Because I had a rubber suit on I was supposed to get on a life raft and the gun crew were to get into the lifeboat. I got in as far as the lifeboat but couldn’t see the rafts and jumped into the boat. No one was practised enough and all too excited to do a good job. Someone cut the falls allowing the boat to drop into the water. It’s strange, the boat that leaked when we left New York was the one that was not taken by the storm.

There was much confusion, the boat overloaded, and the plug had been put in, and the skipper was giving a fast stroke. We finally got away from the ship, which took seventeen minutes to go down. We found the other two life rafts. There were only two missing, one able bodied seaman and a mess boy. The A.B. Seaman was crushed between a raft and the hull of the ship, the mess boy was pulled aft and into the propeller blades.

As we watched her go down some laughed, some cried. One little wiper on a raft was in such bad shape he had no control over himself and just shook violently. The last minute before she sank the fog whistle blew first a couple of times faintly and then at last real lustily.

Writing this is like living it all over again. Before we abandoned ship Sparks had sent three SOS’s, the last one was acknowledged. The next day when no help came we thought it may have been the sub that acknowledged the message, but now looking back it couldn’t have been.

When I went over I thought I had just about everything I wanted real badly but now think of small things I could have taken. All I had under my rubber suit was a set of work clothes, pair of woolen socks, two sweat shirts, two sweaters (one of which Mrs. Van Buren knitted). In the water proof pocket I had my pen and pencil, papers and wallet. Forgot my flashlight and had no gloves.

Those next sixty hours I hope never to have to go through again. The next morning the men on the rafts were taken into the boat and we in the life boat went on the rafts. We stayed on the rafts all day and night, then the next day even though the water was rough we managed to transfer again. On the raft we were comfortable but water washed over us and there was no way to break the wind. There was enough food but we wanted to ration it, not knowing how long we’d be out. I couldn’t figure which was more uncomfortable being on the raft cold and damp or in the life boat cramped and uncomfortable but a little warmer. Bailing had to be kept up continually and some of the men really turned out to be heels and others heroes. I was still vomiting. We’d been given a little piece of chocolate, a couple of malted milk tablets and a little water each day. One of the damned mess boys got my half of a package of graham crackers and ate them. I didn’t care much though because I only tossed it up as soon as it went down. Finally I came to the point where I didn’t have anything to toss.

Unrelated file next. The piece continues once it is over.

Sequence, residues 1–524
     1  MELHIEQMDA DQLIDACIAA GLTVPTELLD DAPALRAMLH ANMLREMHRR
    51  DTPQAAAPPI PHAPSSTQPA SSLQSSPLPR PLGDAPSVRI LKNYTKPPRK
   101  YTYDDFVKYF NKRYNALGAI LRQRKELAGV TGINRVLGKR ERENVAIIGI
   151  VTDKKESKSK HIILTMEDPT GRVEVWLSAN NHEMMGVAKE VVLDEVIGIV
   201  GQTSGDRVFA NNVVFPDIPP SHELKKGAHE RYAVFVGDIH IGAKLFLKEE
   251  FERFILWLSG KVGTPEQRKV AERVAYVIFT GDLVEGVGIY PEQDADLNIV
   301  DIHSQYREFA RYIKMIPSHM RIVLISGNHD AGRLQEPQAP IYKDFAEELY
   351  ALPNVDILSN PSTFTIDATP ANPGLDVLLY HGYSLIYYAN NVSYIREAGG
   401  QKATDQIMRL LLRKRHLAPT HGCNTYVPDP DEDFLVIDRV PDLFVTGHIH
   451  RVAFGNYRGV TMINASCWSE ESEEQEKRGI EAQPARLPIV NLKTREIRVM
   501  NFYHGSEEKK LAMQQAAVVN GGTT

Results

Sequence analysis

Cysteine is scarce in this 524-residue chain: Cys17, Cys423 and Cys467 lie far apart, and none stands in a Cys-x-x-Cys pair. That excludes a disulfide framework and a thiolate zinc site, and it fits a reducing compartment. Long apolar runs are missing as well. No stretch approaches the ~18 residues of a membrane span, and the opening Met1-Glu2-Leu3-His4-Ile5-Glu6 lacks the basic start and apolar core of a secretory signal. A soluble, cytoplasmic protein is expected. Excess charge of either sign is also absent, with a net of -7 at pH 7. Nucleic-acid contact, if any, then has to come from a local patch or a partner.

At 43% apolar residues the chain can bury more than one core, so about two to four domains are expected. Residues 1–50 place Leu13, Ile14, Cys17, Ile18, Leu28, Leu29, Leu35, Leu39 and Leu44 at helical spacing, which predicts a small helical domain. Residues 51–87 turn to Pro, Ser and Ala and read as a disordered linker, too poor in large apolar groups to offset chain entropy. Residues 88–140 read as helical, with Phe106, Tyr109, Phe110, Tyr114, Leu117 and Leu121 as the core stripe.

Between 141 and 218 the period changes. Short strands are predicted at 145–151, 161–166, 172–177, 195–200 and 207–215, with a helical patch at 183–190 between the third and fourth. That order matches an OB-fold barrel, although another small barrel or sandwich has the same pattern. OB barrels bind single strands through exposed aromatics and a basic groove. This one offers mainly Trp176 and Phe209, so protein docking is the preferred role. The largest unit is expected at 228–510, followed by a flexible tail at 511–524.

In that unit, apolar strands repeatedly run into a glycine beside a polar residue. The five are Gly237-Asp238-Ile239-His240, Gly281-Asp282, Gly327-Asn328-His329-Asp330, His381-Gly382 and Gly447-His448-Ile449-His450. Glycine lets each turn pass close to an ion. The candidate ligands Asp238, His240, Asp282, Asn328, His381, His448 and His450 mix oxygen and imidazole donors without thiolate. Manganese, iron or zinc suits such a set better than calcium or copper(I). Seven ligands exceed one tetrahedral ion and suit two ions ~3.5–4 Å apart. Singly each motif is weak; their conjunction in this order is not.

Thoughts going through my mind those hours sure were something to note. Mostly my thoughts sought God. I thought lots of you saying you were being brave over the phone, of you going to readings, of Aunt Florence, her faith, the Lord’s Prayer, and the twenty-third Psalm. I’d wonder if I’d ever walk through Goldsmiths again and pass the counter where they sold Malted Milk Tablets. Thought of you reading the article in the Digest about those men on a raft for so many days, but then they weren’t in the North Atlantic at a pretty cold season of the year. Things seemed pretty desperate the next day when no help came from Sparks SOS. The gulls in the sky looked like planes, then at night in the raft the lifeboat looked like a distant tanker.

I kept trying to keep faith in God and remember that whatever was, was His will. It really helped me a lot. Saturday Morning we sighted a ship. The skipper shot flares, attracted their attention and they came for us. It was the Coast Guard boat U.S.S. [censored] on which I’m writing this account. The crew and all have treated us swell. We were in the lifeboats and on rafts 60 hours and when we boarded the [censored] it was as tho we were in a dream, warm clothes, warm shower, and good soup and coffee.

 

Originally published in the June 2007 issue of World War II Magazine. To subscribe, click here